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  #1381  
Old 09-18-2016, 10:56 PM
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Hi all, here is the circuit i'm using and pic of coil and setup.
peace love light



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  #1382  
Old 09-20-2016, 12:52 AM
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Just finished winding three coil setup so it can be tested further. All three coils are bifilar, AWG 21 and matched. Approx. 2.2Ω each strand (1.1Ω paralleled).
Not everything is hooked up yet as I need to sit down and figure out the best way of running this.
I' m using square pulse at 10% dc and 500V/20A Mosfets for switching. I can adjust both, dc and frequency but running at 100Hz a.t.m while watching charging rate with two different cores.
I'm not running in 3 Batt configuration yet, just 12VDC.

V
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  #1383  
Old 09-20-2016, 01:11 AM
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Pulsing those two coils directly from a 12 volt battery is FAR different than pulsing them using the potential difference BETWEEN primaries and the charge battery. You can measure the output of the secondary, but there is no way to assess input vs output with the system you have chosen to use. Not accurately anyway, since you are using up power.
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  #1384  
Old 09-20-2016, 01:52 AM
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Quote:
Originally Posted by Turion View Post
Pulsing those two coils directly from a 12 volt battery is FAR different than pulsing them using the potential difference BETWEEN primaries and the charge battery. You can measure the output of the secondary, but there is no way to assess input vs output with the system you have chosen to use. Not accurately anyway, since you are using up power.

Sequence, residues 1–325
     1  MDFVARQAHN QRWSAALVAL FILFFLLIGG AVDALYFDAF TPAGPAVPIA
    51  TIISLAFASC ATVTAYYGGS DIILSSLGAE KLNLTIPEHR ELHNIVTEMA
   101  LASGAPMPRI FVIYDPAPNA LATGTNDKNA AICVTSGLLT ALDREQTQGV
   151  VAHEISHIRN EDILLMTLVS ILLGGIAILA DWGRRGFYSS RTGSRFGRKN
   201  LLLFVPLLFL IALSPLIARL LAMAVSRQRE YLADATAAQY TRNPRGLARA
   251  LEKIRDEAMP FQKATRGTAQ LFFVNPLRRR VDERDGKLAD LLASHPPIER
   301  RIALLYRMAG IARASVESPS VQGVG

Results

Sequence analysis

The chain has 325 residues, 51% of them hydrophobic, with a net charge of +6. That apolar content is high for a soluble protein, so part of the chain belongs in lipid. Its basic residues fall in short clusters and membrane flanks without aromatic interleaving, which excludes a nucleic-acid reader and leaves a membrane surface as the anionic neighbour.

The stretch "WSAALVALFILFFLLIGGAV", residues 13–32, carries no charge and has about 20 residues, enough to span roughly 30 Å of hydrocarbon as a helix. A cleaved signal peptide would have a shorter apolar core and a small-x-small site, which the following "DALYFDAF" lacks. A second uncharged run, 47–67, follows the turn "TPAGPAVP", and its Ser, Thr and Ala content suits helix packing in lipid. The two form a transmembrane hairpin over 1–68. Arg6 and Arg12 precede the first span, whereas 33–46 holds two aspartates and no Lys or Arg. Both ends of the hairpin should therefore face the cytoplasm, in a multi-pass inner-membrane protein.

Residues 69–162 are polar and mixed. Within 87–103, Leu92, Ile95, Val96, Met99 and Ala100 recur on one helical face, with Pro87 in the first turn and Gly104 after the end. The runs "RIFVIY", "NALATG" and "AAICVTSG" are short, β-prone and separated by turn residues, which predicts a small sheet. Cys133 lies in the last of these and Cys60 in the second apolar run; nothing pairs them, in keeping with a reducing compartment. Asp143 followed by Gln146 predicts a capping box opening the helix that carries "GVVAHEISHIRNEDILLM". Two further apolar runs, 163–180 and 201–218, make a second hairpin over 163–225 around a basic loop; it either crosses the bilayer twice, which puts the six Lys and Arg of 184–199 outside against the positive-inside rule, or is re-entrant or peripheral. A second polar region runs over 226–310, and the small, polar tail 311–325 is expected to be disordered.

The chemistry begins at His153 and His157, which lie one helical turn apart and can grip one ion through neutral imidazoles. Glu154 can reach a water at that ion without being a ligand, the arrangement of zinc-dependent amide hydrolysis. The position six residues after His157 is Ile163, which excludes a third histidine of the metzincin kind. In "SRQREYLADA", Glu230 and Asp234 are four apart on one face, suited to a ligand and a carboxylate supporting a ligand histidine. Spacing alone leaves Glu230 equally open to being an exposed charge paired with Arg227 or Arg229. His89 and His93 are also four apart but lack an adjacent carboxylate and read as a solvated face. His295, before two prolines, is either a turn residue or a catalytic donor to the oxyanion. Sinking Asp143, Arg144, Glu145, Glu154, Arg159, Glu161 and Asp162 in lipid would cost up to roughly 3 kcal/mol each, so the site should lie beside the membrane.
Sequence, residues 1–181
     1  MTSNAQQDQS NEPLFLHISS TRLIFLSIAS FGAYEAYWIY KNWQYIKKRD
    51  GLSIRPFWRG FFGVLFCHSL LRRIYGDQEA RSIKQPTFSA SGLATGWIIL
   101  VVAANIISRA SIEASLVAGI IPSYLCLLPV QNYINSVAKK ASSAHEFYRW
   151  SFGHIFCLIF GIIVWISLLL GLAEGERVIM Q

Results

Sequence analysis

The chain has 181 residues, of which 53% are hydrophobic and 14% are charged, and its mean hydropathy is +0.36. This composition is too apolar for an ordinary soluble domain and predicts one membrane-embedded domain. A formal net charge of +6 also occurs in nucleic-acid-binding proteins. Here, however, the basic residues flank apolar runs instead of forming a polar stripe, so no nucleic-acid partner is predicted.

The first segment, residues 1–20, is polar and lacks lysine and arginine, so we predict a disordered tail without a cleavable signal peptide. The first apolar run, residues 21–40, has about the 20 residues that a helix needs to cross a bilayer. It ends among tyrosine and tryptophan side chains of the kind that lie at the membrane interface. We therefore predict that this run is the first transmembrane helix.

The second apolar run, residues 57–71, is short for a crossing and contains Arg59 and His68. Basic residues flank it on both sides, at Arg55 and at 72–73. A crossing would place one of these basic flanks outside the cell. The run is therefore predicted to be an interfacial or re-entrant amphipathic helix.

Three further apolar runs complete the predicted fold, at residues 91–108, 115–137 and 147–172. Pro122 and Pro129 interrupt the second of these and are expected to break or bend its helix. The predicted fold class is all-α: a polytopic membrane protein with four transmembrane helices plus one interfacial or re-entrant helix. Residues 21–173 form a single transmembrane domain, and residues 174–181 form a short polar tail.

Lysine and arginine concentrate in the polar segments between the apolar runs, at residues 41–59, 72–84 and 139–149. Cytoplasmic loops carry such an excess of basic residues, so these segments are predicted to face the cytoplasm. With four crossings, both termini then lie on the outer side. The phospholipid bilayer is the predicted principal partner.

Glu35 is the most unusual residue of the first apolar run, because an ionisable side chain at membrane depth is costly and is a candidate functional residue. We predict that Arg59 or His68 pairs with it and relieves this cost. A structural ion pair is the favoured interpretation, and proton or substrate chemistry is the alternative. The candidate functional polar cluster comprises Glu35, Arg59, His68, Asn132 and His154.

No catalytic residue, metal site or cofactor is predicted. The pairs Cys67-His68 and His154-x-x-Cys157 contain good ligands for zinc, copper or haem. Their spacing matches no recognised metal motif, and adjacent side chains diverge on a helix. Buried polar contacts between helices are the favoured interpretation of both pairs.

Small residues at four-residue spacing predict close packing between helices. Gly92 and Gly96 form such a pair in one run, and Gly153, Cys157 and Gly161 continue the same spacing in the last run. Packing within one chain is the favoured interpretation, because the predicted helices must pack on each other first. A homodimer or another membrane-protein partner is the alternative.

Yes, of course. I was just curious about something and wanted to compare two cores I have available in order to pick better one. I'm not done yet.

Thanks Dave

V
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  #1385  
Old 09-20-2016, 02:28 AM
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Hi all, been testing the 3 coil setup as shown in previous circuit drawing.
It works well, i then decided to hook the output from secondary dc bridge, solely to the 3rd charge battery and also tried with a led bulb in series with the dc output from secondary bridge.
This 3 coil setup does indeed behave different from the multi-filar coil.
When testing the multi-filar coil, if i used 2 of the coils in series as a secondary to do the same thing, nothing could be pulled from the primary field collapse and vice versa.
However, with this 3 coil design, i am now powering led bulbs in series with primary oscillator coil using flyback diode, into the 3rd charge battery and at the same time, i can power led bulbs in series off the dc output of the secondary coils bridge rectifier, then again into the 3rd charge battery.
This 3 coil design does seem superior to multi-filar and anything else i have tried, for these purposes.
peace love light

edit: i'll post an updated circuit drawing tonight